'Charlotte's Web': A Fine-Spun Retelling
Friday, December 15, 2006
It may not have the perkiness of "Babe," that hoof-warming winner of 1995, but "Charlotte's Web" -- another movie featuring an animatronic pig -- plays to its biggest strength: the magic of a good story simply told.
E.B. White's children's book -- starring Wilbur the curly-tailed runt, his human friend Fern and that spinner of silky acclamations , Charlotte -- has been charming kids into bed since Dwight Eisenhower was president. Those kids, who passed it along to their children, can rest assured the movie, featuring Dakota Fanning and an off-screen cast that includes Julia Roberts, Oprah Winfrey and Robert Redford, shares their reverence.
Produced by Paramount and Walden Media -- the educational multimedia outfit that also brought you "Holes" and "The Chronicles of Narnia: The Lion, the Witch and the Wardrobe" -- the movie feels old-fashioned but not dated, savvy but not snarky. Director Gary Winick ("13 Going on 30") seems mostly to have instructed his actors to stay out of the story's way. But even if the performers, at times, sound as if they're doing a casual read-through before the actual show, their relaxed spirit is subtly satisfying. (And frankly, it's a respite not to have the likes of Robin Williams voicing characters in a postmodern fever sweat.) "Charlotte's Web" also bypasses all that riffing and referencing that has become the pop culture uber alles mantra of so many films from Pixar and its various imitators.
There are some of us for whom the mere sight of Fanning evinces a groan -- she's been the go-to Cute Girl for more movies than we'd care to remember. But as Fern, mercifully, she's just right: a sweet-natured, bighearted kid whose only motivation is the well-being of her adopted pet. That Meryl Streep Jr. authority -- the young actress's frosty professionalism, which has made us wonder if she's actually experienced childhood -- stays dormant. Instead, we delight in her disarmingly funny moments -- literally trying to keep the lid on her rambunctious piglet in class or wheeling him around town in a pram. She's a girl again.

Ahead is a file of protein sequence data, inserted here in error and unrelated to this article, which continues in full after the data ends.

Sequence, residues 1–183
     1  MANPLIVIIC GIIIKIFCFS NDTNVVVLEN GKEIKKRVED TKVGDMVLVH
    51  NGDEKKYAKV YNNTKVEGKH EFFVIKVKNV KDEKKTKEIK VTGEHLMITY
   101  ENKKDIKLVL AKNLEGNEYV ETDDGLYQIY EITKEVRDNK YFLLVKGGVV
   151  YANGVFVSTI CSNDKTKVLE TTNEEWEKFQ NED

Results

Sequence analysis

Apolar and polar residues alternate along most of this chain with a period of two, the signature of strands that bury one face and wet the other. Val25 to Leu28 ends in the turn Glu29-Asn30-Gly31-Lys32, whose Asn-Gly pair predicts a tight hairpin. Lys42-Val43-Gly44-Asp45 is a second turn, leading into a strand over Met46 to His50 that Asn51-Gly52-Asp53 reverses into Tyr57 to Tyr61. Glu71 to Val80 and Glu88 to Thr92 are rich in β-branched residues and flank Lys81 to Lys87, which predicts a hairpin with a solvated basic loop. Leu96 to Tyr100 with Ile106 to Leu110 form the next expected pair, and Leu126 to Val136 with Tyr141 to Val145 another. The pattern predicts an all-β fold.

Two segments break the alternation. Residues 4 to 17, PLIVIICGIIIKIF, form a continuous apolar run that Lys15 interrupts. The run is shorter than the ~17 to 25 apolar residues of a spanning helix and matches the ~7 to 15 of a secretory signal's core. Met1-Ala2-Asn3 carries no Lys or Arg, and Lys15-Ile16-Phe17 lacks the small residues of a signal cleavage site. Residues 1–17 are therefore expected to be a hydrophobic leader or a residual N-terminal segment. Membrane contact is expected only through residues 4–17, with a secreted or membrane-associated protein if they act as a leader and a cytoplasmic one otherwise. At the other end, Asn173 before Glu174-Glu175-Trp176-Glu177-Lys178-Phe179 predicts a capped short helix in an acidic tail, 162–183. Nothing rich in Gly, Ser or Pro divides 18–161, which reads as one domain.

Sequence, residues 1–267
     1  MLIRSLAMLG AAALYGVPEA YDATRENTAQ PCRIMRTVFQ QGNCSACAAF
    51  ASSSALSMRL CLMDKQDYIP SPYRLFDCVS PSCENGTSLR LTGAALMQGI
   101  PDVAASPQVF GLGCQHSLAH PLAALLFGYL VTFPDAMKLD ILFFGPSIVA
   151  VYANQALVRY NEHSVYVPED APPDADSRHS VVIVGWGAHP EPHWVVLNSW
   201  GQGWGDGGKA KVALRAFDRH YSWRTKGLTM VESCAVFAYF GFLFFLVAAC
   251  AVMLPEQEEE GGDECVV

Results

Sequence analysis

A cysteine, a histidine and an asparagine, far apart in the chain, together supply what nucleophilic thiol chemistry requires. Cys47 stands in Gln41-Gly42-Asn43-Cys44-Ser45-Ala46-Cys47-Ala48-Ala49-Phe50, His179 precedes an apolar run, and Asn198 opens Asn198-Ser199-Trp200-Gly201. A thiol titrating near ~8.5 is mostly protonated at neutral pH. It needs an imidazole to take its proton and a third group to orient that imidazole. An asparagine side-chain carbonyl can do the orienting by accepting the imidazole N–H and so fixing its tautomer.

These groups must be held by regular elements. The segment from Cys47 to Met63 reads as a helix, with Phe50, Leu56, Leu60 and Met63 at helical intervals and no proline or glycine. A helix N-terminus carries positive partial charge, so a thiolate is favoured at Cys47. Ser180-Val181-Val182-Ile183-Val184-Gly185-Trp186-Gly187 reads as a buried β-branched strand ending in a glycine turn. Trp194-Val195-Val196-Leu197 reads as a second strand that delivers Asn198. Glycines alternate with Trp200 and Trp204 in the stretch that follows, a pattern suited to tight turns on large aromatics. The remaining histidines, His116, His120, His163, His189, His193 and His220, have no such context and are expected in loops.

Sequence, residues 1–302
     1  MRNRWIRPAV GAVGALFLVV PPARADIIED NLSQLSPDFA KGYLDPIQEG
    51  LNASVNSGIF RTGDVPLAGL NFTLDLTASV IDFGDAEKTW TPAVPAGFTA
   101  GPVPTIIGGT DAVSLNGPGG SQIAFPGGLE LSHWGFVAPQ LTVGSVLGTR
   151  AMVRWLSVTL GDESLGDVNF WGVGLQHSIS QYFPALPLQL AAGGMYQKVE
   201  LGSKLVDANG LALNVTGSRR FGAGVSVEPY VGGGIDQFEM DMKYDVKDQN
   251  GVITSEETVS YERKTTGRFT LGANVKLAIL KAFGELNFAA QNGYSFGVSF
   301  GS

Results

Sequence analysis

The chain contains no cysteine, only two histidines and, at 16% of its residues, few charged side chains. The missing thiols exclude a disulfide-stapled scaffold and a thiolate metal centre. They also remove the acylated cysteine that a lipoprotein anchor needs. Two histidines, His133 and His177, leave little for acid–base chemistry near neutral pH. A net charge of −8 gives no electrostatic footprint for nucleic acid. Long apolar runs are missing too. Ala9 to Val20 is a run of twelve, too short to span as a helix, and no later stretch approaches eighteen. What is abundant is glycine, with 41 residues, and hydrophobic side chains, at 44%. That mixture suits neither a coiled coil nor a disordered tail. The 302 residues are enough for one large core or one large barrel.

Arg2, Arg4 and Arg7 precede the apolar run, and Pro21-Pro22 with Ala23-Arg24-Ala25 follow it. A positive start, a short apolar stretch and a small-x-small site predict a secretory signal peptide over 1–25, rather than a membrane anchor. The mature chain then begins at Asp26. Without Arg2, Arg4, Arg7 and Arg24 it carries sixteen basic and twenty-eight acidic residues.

We'd like to point out -- before we give the impression "Charlotte's Web" will induce audiences to slumber -- that Wilbur and his barnyard friends move with the same snappy fluidity of Babe and his counterparts. We enjoy snouts, maws and jaws moving in perfect sync with human words -- it's as though we're watching live-action cartoons. And it's fun to watch Wilbur splashing in mud puddles or trying repeatedly to ram a wooden fence with the slapstick resilience of a Keystone Kop. The animatronic style is a cut above those flicks of yore in which animals did the walking while off-screen humans did the talking (remember the 1973 musical version of "Charlotte's Web" featuring the voices of Debbie Reynolds as Charlotte and Paul Lynde as Templeton the rat?). This version feels almost quaint, practically hands-on, in light of the computer-generated thrill rides that dominate most animation films.
That's no shortcoming -- quite the opposite, in fact. The lack of technological fireworks gives audiences the opportunity to concentrate on the integrity of the story, in which farm girl Fern saves Wilbur -- the unwanted 11th pig of a 10-teated mom. And it better highlights the story's thoughtful themes: Charlotte's justification, for instance, for her killing and, uh, blood-sucking of flies (circle of life, kids) and Wilbur's appreciation of the spider's inner beauty. (To some of us, though, spiders will always be spiders, even if they do talk like Julia Roberts.)
Remember the peaceful atmosphere of bedtime storytelling? The kind that allows parent and child to take satisfaction in the story, not the teller? That's how "Charlotte" draws you into its web.
Charlotte's Web (98 minutes, at area theaters) is rated G.